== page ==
The Cross of Christ


Spring is the time of year for regeneration and restoration.  Growth and regrowth flood the season almost as much as the rains that come to bring life to the ground.  This week, Holy Week, is often a time for candy and easter egg dying.  Cute bunnies and fluffy chickens cover our social media feeds.  Much Joy is present at this time of year, yet one of the most horrendous acts in human History took place during this season.  God was murdered.

So little is told to us in the bible about crucifixion because to the intended audience, it was known all too well.  The act of public execution was nothing new at the time, from beheadings to impalement.  The most famous being “Nero Burning Rome” after Christ.  In 64 AD, Nero was accused of starting the great fire of Rome. In order to shift the blame he accused the Christian people of doing it. As a punishment, he dressed them as wild animals and let the dogs eat them or he impaled them on stakes and set them on fire to serve as street lamps when the evening sun waned.

Jesus_nailed_to_cross-793004During the years of Christ on earth the Romans perfected the art of torture.  The degree of tortured an individual endured was dependent upon the sadistic nature of the soldier in charge.  They would have contests to see who could prolong a prisoners death the longest while inflicting as much pain as possible.    The pain that the Savior of the world was subject to required a new word: EXCRUCIATING which literally means “from the cross”.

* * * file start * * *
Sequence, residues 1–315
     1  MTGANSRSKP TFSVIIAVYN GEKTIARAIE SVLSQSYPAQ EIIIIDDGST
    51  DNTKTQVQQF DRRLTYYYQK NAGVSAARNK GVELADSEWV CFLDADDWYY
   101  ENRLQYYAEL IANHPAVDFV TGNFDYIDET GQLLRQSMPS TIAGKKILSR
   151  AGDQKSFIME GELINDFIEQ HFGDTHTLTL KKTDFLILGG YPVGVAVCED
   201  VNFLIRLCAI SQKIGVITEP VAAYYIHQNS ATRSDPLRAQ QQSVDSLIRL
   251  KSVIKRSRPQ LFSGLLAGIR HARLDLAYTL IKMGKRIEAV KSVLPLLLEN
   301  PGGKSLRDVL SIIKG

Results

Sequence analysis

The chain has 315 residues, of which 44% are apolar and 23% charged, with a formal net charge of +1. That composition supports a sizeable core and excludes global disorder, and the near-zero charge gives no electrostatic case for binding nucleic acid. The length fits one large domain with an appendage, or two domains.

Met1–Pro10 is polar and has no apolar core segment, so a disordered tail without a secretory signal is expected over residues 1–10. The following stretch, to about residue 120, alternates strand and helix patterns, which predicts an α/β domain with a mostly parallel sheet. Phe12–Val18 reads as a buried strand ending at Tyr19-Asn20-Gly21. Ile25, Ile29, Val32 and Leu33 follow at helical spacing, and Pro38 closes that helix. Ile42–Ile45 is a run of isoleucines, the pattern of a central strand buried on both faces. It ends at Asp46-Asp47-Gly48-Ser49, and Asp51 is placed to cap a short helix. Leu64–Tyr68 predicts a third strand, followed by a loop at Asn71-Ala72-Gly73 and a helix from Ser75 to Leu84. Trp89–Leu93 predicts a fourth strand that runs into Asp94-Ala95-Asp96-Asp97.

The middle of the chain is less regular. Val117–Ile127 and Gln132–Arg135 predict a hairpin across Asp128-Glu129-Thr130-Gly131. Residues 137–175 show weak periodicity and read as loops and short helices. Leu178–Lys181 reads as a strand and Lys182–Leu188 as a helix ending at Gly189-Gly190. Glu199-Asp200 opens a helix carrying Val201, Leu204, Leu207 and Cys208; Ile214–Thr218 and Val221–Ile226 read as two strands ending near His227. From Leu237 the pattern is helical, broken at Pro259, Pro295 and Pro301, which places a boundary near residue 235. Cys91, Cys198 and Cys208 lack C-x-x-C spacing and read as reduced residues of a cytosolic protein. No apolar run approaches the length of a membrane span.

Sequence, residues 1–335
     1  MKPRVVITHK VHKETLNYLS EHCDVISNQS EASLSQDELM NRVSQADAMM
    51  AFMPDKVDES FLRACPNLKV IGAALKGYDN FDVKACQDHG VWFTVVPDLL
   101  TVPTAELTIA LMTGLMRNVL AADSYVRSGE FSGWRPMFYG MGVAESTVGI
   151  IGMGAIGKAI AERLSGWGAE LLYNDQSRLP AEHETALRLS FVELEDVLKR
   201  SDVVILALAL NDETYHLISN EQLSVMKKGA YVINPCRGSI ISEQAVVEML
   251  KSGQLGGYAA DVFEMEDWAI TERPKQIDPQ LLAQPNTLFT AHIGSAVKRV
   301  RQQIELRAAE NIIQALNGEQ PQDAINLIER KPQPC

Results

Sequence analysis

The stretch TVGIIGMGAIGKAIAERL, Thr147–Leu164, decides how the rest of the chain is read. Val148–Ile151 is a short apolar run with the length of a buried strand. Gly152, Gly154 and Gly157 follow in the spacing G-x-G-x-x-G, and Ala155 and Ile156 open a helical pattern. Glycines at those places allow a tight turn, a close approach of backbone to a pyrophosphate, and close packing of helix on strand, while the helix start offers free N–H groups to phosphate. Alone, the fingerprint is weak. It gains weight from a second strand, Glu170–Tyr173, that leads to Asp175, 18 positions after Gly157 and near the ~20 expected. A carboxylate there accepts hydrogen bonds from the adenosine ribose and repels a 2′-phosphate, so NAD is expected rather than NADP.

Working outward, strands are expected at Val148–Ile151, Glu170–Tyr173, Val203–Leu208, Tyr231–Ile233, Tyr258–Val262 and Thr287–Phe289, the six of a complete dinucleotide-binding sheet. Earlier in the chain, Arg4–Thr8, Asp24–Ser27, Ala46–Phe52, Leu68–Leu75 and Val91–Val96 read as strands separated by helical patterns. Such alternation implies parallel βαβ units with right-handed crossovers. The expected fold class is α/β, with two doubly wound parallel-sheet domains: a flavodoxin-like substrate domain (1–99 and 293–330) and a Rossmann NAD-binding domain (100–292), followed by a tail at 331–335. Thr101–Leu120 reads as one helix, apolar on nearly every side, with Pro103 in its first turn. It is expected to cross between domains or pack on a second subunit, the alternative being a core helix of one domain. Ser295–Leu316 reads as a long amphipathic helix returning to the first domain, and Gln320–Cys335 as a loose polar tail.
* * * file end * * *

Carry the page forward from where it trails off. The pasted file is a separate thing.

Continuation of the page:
The primary cause of death in crucifixion wasn’t the lashes Jesus received. Nor was the crown of thorns or a spear in the side responsible. Most victims of crucifixion died of asphyxiation (suffocation).  Have you ever had trouble catching your breath?  Had the wind knocked out of you?  That feeling of being unable to breathe might be one of the worst feelings imaginable.  It is constricting and overwhelming.

Jesus wasn’t taken out to some far away place to be crucified.  It was a public event.  Hung bloodied and naked, God was mocked and spit on.  Ancient Jewish historian Josephous called crucifixion “the most wretched of deaths.” (Josephous, J.W. 7.203).

Before his actual crucifixion, the Bible tells us that Jesus was scourged.  Scourging in itself was a punishment that many people died from. Using a whip made from a series of long leather straps called a flagorum (a cat-o’-nine tails), with hooks, glass or metal attached, two soldiers taking turns would have whipped a hand-bound Jesus.  Alternately, some of the straps would have metal balls attached to act as a tenderizer for the victim’s flesh, allowing the skin and muscle to be ripped more easily.  One whip of a flogging instrument has been likened by modern doctors to a shotgun blast.

After enduring such pain, imagine carrying the 100 lb cross beam from the city to the hill.  I’ve never been scourged or flogged, but as a man with a beard and a two year old son, I know what it is like to have my beard yanked on… Jesus’ was pulled out.  I know what it’s like to be spit on… He was mocked and spit on by dozens of people if not more.

Jesus was hung by the very men He came to save.  He was mocked by the faces of those He created.  Many believe that, based on scripture, when the spear was shoved into His side, water and blood came out together implying that the sac around the heart had filled with water until the sheer pressure caused His heart to stop beating.  Our Savior didn’t die of pain and anguish or of suffocation… He died of a broken heart both physically and emotionally.

This year, I urge you… allow this week to be focused on Jesus.  Not just His resurrection but also His death. It was all for you.

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